Robbie Torres

February 19, 2018 | By | Add a Comment

The Emcee in the musical Cabaret, first seen on Broadway in 1966, is an enigmatic figure. Existing entirely in the world of the Kit Kat Klub cabaret in Berlin, he barely qualifies as a “character” in the show at all. One might better call him a “presence.” In the 2001 book Open a New Window, musical-theatre historian Ethan Mordden wrote of Joel Grey’s original portrayal: “His white-painted face and dirty smile were a disturbing puzzle. Did he believe his own spiel? Was he part of the entertainment or of some enormous lie? Was he the lie itself?” The Emcee teases and charms his audience. He coaxes laughter. But then he can sucker punch his listeners with a nasty gag. He’s a jester who seems to have a mean streak.

Actor Robbie Torres has previously portrayed the Emcee in a production of the often-staged musical. But now—in a show that he has conceived and written—he imagines and presents a backstory for him. Mein Letztes Kabaret (My Final Cabaret) contains a number of original songs woven into a solo drama. The setting is a prison cell in the Dachau concentration camp, at some time after the events seen in Cabaret. The Emcee lets us know that the show he is performing (for us? for himself?) will be his last ever, as he is to be relocated to Auschwitz, where he will take his “final bow.” Kabaret’s premise sometimes calls to mind another musical with a Kander and Ebb score: Kiss of the Spider Woman, which also deals with a prisoner’s show-business fantasies.

Torres has a forceful stage presence, fortified by a strong and agile singing voice with some gorgeous notes in the upper register. He is also a graceful and playful dancer, and his comic timing is sharp. Reading short chapters from the Emcee’s autobiography, he pulls the audience into the tale being spun.

The history Torres has imagined for the Emcee is certainly full of dramatic incident. The character begins life as a sensitive Jewish child, raised by a buxom, tenderhearted grandmother. (The boy’s mother is out of the picture—off getting a taste of the wilder things in life, things that her son will also drift toward.) Bullied because of his effeminacy, he grows up to become a reluctant soldier during World War I. He has a doomed gay affair with a French youth, and eventually lands on his feet as a cabaret performer in Berlin. It’s here that he meets Sally Bowles, the flamboyant character created by Christopher Isherwood in The Berlin Stories, the book from which Cabaret was derived.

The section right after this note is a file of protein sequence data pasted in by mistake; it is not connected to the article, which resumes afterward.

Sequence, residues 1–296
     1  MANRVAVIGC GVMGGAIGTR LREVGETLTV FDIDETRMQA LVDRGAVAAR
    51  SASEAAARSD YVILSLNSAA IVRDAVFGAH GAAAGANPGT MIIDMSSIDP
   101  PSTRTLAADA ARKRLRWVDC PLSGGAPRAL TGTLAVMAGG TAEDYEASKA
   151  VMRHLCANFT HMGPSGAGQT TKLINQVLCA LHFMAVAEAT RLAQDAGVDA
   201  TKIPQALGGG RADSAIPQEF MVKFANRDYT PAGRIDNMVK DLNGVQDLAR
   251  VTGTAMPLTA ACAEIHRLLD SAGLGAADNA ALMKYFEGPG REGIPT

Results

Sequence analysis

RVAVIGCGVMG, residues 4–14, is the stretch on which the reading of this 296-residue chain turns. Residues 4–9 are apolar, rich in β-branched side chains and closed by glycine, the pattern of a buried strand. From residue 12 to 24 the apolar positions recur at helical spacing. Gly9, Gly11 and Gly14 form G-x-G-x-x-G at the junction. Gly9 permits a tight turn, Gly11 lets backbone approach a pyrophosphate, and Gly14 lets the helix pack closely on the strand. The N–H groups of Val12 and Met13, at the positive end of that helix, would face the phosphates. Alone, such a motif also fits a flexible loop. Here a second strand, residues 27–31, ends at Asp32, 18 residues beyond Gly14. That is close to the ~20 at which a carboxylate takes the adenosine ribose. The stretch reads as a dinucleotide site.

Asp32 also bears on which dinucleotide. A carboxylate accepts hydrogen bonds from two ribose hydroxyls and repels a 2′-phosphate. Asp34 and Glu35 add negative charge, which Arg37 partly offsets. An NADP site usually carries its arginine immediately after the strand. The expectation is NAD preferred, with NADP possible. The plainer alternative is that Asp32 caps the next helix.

All of this invention is certainly plausible. But it has the effect of humanizing a character originally designed, perhaps, to be both more and less than human. In Torres’s take, the menacing and mercurial features of the persona have been blurred and softened. There’s nothing wrong with that, per se. You will likely still get the same creepy feeling whenever you next see the Emcee in a stage version of Cabaret (or when you revisit the 1972 film version that earned Grey an Oscar). And who’s to say that there hasn’t always been a more tender and vulnerable side to the character, one he kept hidden from Kit Kat Klubbers? Yet, we—and Torres—shouldn’t lose sight of the fact that this is no ordinary gig for the Emcee. It is his last cabaret ever, and he knows it. He may still camp it up and flirt with his audience, but if he bears any kinship to the Emcee we know from Cabaret, shouldn’t the more caustic components of his character naturally bubble up in this dark hour?

Some of the new songs by Torres capture the flavor of Kander and Ebb’s score, and occasionally they go so far as to quote a musical line from it. (And one number has a passage that sounds a great deal like a portion of “Mr. Cellophane,” from the same songwriting team’s Chicago score.) But the cynical, biting wit in such Cabaret songs as “If You Could See Her” and “Money, Money” (first heard in the film, but interpolated into later stage versions) seems to be missing here. One exception is Torres’s well-staged World War I number, which ends with the character miming the gunning down of members of the audience.

The prerecorded, synthesizer-heavy soundtrack Torres sings to is an attenuating problem. The score’s jauntier moments bring to mind musical sequences from an early-1990s TV kiddy show featuring a purple dinosaur. Granted, it may be most practical for Torres to use a recorded track for the show. And, considering that the whole scenario can be seen as taking place inside the Emcee’s mind, it makes some dramaturgical sense to avoid having live musicians onstage. But better, I think, to have a pre-recorded piano-only track than the tinny, digitalized, anachronistic-sounding track currently in use.

Again, as far as the performance goes, it’s a pleasure to watch Torres engage with his audience. He’s someone to keep an eye on, and I would certainly look forward to an hour of him singing, dancing, clowning, and emoting as Robbie Torres.

Mein Letztes Kabaret
Triad Theater  – February 15, 16

Category: Reviews

About the Author ()

Mark Dundas Wood is an arts/entertainment journalist and dramaturg. His features and reviews have appeared in such publications as American Theatre and Back Stage and on As a dramaturg he has worked with New Professional Theatre and the New York Musical Theatre Festival. His stage adaptation of Henry James's novel The Tragic Muse was part of the Gilded Stage Festival at the Metropolitan Playhouse in January 2014.

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